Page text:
Caramel Whistle have just published the results of a thorough trawl of the web, seeking out the best Sign Language resources for students of BSL. This round-up includes Mobile Signs and some of the resources and technical vocab sites I’ve listed here previously, but more importantly he introduces some great new finds.
For me, there are two clear highlights. The first is Spread the Sign, a European website that hosts a text-to-sign search. This allows you to translate a word or phrase from a range of european spoken languages into a sign language equivalent. You can search for a term and then view the results in BSL, or see it signed in any of 10 languages, including Swedish, Turkish, Russian, French, German, Spanish, Portuguese and Czech. Importantly, video is smooth and sharp. This is a great site that rewards exploration.
The second highlight is Qia Resources for ICT. This site offers common and specialist vocabulary on Information and Communications Technology. As with Art Signs, this is useful for anyone working in media, education, computer science or a related discipline.
See the full article here: Learning-a-Language.
This Friday (1st May 2009) will be Blogging Against Disablism Day. This is a day where all around the world, disabled and non-disabled people will blog about their experiences, observations and thoughts about disability discrimination. This is a great event hosted by Diary of A Goldfish. If you’d like to participate, visit the Blogging Against Disablism Day pages at Diary of a Goldfish and register your interest. Everyone is welcome. Then write a post on the subject of disability discrimination, disablism or ableism and and publish it on May 1st – or as close as you are able. In previous years bloggers have posted on all sorts of subjects, Goldfish has more details if you have questions. Multimmedia is also welcome. Be sure to go back to DoaG and tell her the URL of your published post so spectators and participants can share your thoughts.
At the recent NCeSS conference I was put in touch with Gareth White, from Sussex University. Gareth is a post graduate who has been looking into the accessibility of Second Life for people with visual impairments. Second Life is a hot accessibility topic, with some high profile instances of disability culture in evidence – most notably Wheelies Nightclub (the first virtual disability nightclub in the world!), but features some clear barriers to participation for blind and partially sighted people, amongst others.
Gareth’s blog (at http://blindsecondlife.blogspot.com/) gathers together some interesting opinions and materials in this area, including work on the use of haptics for adding tactile sensations to virtual worlds and an extensive list of relevant links. Importantly, his work has been accepted for the forthcoming ACM International Conference on Digital Interactive Media in Entertainment &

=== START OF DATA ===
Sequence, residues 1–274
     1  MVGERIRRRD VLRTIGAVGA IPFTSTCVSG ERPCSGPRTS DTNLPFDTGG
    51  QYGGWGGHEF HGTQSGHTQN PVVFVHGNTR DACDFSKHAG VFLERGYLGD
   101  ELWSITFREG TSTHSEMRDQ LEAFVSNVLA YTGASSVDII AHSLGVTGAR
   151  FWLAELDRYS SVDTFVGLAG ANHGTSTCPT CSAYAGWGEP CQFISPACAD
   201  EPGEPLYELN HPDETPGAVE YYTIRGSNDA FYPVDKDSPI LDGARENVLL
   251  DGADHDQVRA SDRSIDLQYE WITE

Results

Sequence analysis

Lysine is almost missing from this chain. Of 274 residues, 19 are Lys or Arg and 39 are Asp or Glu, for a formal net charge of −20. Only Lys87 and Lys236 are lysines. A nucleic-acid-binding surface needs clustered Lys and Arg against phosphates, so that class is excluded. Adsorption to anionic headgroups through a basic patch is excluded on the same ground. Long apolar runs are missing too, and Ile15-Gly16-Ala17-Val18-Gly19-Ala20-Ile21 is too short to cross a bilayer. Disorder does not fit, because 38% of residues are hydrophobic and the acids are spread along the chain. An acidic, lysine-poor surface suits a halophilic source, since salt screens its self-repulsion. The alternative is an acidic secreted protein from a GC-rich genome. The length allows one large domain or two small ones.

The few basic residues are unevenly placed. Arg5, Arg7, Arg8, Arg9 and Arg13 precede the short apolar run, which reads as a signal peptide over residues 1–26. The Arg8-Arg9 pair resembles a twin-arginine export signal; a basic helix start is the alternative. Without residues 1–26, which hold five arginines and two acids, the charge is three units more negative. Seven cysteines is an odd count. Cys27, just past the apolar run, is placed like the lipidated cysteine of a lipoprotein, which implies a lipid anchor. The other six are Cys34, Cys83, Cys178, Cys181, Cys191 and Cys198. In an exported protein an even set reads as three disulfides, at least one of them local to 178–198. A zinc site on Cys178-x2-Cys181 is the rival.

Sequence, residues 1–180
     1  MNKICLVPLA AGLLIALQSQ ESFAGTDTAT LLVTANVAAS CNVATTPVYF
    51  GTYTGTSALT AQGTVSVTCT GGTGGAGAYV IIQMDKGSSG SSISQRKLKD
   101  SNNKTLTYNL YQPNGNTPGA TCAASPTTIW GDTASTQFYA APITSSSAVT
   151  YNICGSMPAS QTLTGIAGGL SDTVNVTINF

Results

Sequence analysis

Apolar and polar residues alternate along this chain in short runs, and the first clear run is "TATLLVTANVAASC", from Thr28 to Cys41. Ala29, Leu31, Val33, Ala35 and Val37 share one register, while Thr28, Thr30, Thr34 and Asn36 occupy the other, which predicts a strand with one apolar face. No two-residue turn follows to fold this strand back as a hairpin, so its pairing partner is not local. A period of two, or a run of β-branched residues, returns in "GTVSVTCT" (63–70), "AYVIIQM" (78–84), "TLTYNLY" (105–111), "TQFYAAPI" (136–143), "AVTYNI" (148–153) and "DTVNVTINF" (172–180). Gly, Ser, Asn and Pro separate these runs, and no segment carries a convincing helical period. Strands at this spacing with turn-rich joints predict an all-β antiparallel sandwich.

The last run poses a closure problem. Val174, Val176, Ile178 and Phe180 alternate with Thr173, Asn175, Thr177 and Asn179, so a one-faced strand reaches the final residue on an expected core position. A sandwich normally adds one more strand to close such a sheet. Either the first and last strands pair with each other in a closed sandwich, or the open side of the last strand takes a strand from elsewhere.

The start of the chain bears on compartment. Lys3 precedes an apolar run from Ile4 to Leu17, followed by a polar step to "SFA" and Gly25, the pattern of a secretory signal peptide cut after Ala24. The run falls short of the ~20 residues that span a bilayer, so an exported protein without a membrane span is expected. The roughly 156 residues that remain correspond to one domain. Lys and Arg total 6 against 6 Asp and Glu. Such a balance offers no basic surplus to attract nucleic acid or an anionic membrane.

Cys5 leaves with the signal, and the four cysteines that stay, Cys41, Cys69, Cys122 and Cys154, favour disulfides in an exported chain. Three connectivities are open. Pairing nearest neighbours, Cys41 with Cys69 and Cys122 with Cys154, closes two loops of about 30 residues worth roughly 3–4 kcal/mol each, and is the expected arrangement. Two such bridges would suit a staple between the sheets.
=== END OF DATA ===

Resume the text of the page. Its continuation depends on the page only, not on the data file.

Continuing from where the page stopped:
Arts, hopefully making the detail of his research more publically available. I’ll be sure to signpost the resulting paper.
My good friend The Wired Jester has posted an article considering a couple of interesting examples of social tagging on Flickr and Last.FM (MySpace 2.0?). Tagging has never been my strong suit, but if you’re looking for creative responses to the Social Web, this is a great short piece. Click on this link to read Web 2.0 Vandalism.
As the Association of Learning Technology (ALT) Conference approaches, blogging delegates have been approached for their RSS feeds. The ALT will then be aggregating these into the ‘mother of all feeds’. They will publish the URL of the aggregated feed on ALT-C 2007 web site at http://www.alt.ac.uk/altc2007/ . To ensure you receive a holistic perspective on the event, I’ll add the feed-squared on the right-hand column of your screen for the duration of September, below the BBC Technology news. Watch that space!
Author’s note: this post was written in 2007. At time of revision (Aug 2009) far more information is available regarding the accessibility of many blogging services. For example Wordpress supply a detailed codex relating to accessibility for Bloggers. There are also now excellent services such as Web2Access that provide centralised resources giving advice about accessibility and tools such as blogs.
I was invited to talk to a Young Pioneers group in North Nottinghamshire at the Holocaust Centre, early last month. The group are seeking to create the first British memorial to disabled people killed during the holocaust and are considering accessible ways to get responses and discussion from other disabled people and groups across the UK and internationally.
Finding out about accessibility from blog providers themselves can be difficult, and there doesn’t appear to be a centralised accessibility resource directly concerned with blogs. Many people with disabilities’ own blogs appear to be hosted everywhere and anywhere. Evidently, general accessibility guidelines such as the Web Accessibility Initiative apply to content, but blog servers can be opaque on the subject of the steps they have taken to ensure an accessible interface for users, and accessible results for visitors. So which service should you use? Typepad?!
On what I could find, Google’s ‘Blogger’ is cited as the most friendly blog format. Their blog templates are all CSS based, standards compliant, and usability tested. But this is old information (see stopdesign, 2004). So who currently holds the blogging accessibility crown? In a very-straw poll, stemming from the favourites listed by Ouch, the BBC’s Disability Lifestyle e-Zine, I found that Blogspot is, perhaps, most popular with people with disabilities. I’ll post more ‘facts’ as I find them. Please contribute if you have any thoughts…